This Sunday, in the Revised Common Lectionary, the Gospel reading is from the second chapter of John about Jesus’ first miracle; turning water into wine at the wedding in Cana. It is the third of three traditional Epiphany readings also including the visit of the Magi and the baptism of Jesus. Each of these events are early appearances of Jesus in the Gospels. They each are revelations or manifestations of the Christ, thus “epiphany.”
In studying the Gospel reading for this Sunday, I noted a few questions. First, what is the significance of the jars being for ceremonial cleansing? If you think about it, John gives us quite a bit of detail about these jars. Not only what they are for, but how many there were and how big they were. I don’t think we have that kind of detail on any items related to a miracle anywhere else in the New Testament. We know five loaves and two fish, but we don’t know what kind of bread or fish.
As I had anticipated, several commentators picked up on the jars and their significance and possible symbolism. My next question became, who was getting married?
We know Jesus, his mother and his newly-recruited disciples were in attendance, but we don’t know who was tying the knot. Mary seems pretty attune to the conduct of the reception; she is the one to notice the wine running dry. A few commentators noted that it was the groom’s responsibility to supply the wine for the reception. This explains why the master of ceremonies calls the groom when he tastes the new wine and chastises him for serving in a reverse order of the custom.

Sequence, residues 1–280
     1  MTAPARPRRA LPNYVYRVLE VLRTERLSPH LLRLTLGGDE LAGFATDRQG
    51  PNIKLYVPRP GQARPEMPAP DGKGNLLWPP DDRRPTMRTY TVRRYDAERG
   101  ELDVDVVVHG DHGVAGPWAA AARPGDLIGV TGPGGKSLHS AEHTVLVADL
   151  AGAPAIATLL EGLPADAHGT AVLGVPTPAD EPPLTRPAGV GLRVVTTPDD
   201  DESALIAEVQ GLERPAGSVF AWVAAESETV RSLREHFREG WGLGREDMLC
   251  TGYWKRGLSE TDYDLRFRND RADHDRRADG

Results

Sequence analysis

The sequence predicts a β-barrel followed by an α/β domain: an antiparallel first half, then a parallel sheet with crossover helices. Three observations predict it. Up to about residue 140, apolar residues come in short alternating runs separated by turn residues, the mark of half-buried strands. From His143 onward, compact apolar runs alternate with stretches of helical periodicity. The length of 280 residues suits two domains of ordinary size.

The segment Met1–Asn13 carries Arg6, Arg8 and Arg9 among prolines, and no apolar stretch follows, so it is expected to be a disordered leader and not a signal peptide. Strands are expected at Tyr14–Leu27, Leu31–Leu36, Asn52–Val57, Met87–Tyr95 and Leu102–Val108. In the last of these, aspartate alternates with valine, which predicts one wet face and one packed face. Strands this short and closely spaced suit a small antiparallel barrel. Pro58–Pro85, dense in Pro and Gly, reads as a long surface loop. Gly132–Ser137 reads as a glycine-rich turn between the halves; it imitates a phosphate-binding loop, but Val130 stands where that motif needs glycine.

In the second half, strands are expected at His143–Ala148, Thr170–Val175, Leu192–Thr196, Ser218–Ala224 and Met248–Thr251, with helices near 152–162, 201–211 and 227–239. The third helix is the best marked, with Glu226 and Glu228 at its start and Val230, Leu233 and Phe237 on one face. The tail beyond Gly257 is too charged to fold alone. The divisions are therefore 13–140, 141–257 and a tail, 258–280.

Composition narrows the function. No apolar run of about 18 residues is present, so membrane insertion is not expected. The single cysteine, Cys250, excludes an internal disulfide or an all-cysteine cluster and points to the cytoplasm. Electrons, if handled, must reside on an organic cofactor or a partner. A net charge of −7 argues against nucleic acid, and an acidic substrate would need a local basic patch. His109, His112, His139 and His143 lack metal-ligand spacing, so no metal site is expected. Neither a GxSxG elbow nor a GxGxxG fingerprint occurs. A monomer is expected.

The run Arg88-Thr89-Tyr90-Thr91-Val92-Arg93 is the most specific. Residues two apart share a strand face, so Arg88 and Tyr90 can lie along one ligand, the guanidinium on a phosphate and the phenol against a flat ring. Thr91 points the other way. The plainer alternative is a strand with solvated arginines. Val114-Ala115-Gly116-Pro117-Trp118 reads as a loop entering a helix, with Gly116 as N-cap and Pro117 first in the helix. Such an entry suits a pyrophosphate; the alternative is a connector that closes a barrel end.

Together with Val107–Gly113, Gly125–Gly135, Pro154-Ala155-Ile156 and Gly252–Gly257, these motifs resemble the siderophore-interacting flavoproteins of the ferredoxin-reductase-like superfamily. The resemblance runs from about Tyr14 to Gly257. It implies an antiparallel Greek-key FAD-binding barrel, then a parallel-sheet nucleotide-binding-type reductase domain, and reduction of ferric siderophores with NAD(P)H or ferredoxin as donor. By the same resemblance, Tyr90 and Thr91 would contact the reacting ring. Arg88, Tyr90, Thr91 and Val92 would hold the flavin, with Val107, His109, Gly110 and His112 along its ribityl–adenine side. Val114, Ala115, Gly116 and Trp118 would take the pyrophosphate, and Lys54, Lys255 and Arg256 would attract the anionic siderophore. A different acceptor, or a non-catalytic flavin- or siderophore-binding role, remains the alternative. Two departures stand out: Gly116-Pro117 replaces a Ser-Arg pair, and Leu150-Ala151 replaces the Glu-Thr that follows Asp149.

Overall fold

This got me to thinking. Is there a connection between Mary’s interest and the groom? Was there a family connection? Could this even have been a brother of Jesus? I know my Catholic friends hold Mary as a perpetual virgin, but if I recall correctly, they assent that Jesus had brothers. The Gospels tell us as much, though Catholics may disagree as to whether or not Mary bore them. (One theory is that Joseph had children from a previous marriage.)
Either way, it seems plausible that there was some family connection for Mary, Jesus, and the disciples to be there. Mary’s concern over the wine makes me wonder if it wasn’t a close connection. All of this is conjecture and speculation, of course. None of it really matters in the interpretation of the story, but I find it interesting to contemplate.
Of course, Mary and Jesus being there gives us a notable absence: Joseph. I have long wondered about Joseph. He plays a key role in the nativity. He is portrayed as present but not engaged when Jesus was in the temple at age 12. Then he disappears from the Gospel narratives.
I wonder what it must have been like for Joseph to be the husband of Mary and assumed father of Jesus. It certainly seems he got more than he bargained for when the betrothment was first agreed upon. Angels, a scandalous pregnancy, visits from eastern astrologers, death threats, more angels, fleeing to Egypt, a son who could hold his own with the learned teachers in the temple. A son who called God his Father.
Most people speculate that Joseph was older than Mary and that he died at some point between the incident in the temple and the wedding in Cana. We don’t know. The Gospels are provocatively silent on this detail. I find myself, usually in Epiphany, wondering about Joseph and what happened, what he thought, how his life played out.
Someday, perhaps I’ll have opportunity to listen to his story. At a wedding supper. With what promises to be some great wine if history is any clue.